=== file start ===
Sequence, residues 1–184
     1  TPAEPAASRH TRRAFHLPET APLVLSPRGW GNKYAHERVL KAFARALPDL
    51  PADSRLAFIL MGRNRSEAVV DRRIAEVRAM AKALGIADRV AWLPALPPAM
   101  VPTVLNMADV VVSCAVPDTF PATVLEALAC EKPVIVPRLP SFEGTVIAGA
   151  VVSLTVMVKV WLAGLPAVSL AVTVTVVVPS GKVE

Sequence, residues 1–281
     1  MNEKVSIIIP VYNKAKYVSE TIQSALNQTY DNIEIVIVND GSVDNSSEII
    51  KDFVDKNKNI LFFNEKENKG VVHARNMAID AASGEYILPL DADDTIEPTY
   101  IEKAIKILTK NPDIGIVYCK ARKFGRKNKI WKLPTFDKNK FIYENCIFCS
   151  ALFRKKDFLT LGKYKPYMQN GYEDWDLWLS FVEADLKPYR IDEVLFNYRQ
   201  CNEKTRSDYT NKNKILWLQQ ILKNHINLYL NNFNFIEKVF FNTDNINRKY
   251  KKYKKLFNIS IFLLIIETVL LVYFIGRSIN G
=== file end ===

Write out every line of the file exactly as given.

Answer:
Sequence, residues 1–184
     1  TPAEPAASRH TRRAFHLPET APLVLSPRGW GNKYAHERVL KAFARALPDL
    51  PADSRLAFIL MGRNRSEAVV DRRIAEVRAM AKALGIADRV AWLPALPPAM
   101  VPTVLNMADV VVSCAVPDTF PATVLEALAC EKPVIVPRLP SFEGTVIAGA
   151  VVSLTVMVKV WLAGLPAVSL AVTVTVVVPS GKVE

Sequence, residues 1–281
     1  MNEKVSIIIP VYNKAKYVSE TIQSALNQTY DNIEIVIVND GSVDNSSEII
    51  KDFVDKNKNI LFFNEKENKG VVHARNMAID AASGEYILPL DADDTIEPTY
   101  IEKAIKILTK NPDIGIVYCK ARKFGRKNKI WKLPTFDKNK FIYENCIFCS
   151  ALFRKKDFLT LGKYKPYMQN GYEDWDLWLS FVEADLKPYR IDEVLFNYRQ
   201  CNEKTRSDYT NKNKILWLQQ ILKNHINLYL NNFNFIEKVF FNTDNINRKY
   251  KKYKKLFNIS IFLLIIETVL LVYFIGRSIN G